Menurkeys for Thanksgivukkah?
Research under way in preparation for Thanksgivukkah
Photo: Signe Rossbach
Chanksgiving! As a family of German-American Jewish-Protestant-Catholic-Puritan backgrounds, we do like to celebrate as many holidays as we can possibly fit into our family schedule – with Halloween, our twins’ birthday and the classic German lantern parade for St. Martin’s day making for an action packed twelve days at the beginning of November.
After a bit of a breather we’re heading into the next holiday season – with a bit of a twist this year. Usually Hanukkah – the Jewish festival of lights and miracles – is associated with the Christian festival of lights and a miraculous birth: Christmas. And that makes sense, sort of, superficially at least. A few years ago we had an entire exhibition titled “Chrismukkah” – a cultural history of the evolution of the two holidays, and this year on December 3, Rabbi Daniel Katz will present a truly enjoyable talk on how they really don’t fit together at all.
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Seder Plate by Harriete Estel Berman, U.S.A., 2003 © photo: Jens Ziehe, Jewish Museum Berlin
Passover is not only a feast day evoking an historic event through a ritualized form of remembrance. It also appeals to reenact the exodus out of Egypt and envision divine mercy, freeing us from bondage and disenfranchisement. Like many Jewish holidays the original biblical Passover story has been and still is seen in relation to other historical events. The Egypt of the Exodus story turned into Ukraine and Belarus in the 17th century, when the Cossack chief Bogdan Chmielnicki allowed many hundreds of thousands of Jews to be murdered over the course of his struggle to liberate Poland. In the 20th century, Germany under the Nazi regime became the country to flee.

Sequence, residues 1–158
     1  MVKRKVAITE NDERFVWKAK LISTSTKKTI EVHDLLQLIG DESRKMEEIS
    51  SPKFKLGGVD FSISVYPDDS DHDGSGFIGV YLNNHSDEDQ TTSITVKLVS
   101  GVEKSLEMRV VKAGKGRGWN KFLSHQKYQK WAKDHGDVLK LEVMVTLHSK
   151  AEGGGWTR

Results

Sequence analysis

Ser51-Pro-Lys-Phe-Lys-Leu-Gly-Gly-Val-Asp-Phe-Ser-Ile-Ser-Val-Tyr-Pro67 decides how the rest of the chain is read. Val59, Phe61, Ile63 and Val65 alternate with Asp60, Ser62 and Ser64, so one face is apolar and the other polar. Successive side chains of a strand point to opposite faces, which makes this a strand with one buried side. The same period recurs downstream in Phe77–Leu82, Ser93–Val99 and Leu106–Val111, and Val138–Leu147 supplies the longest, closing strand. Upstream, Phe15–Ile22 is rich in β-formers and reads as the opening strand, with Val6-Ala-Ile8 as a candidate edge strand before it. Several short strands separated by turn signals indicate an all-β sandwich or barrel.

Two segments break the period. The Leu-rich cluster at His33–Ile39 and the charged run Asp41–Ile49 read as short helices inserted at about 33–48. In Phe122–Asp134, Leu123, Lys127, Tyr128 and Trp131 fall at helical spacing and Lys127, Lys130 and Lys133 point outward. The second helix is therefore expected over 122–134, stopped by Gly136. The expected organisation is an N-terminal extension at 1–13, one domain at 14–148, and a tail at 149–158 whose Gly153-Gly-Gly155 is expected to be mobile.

Through its culinarily-underscored recitation and discussion of the narrative, the seder provides a framework for each new re-interpretation. This appears primarily at the dinner: even while the symbolic dishes are determined by the Passover Haggadah, the other foods vary according to geography and the cultural conventions of the place where the celebration is taking place. There are especially numerous recipes for the “mortar,” the charoset, which resembles in color and texture the cementing agent used to build houses.
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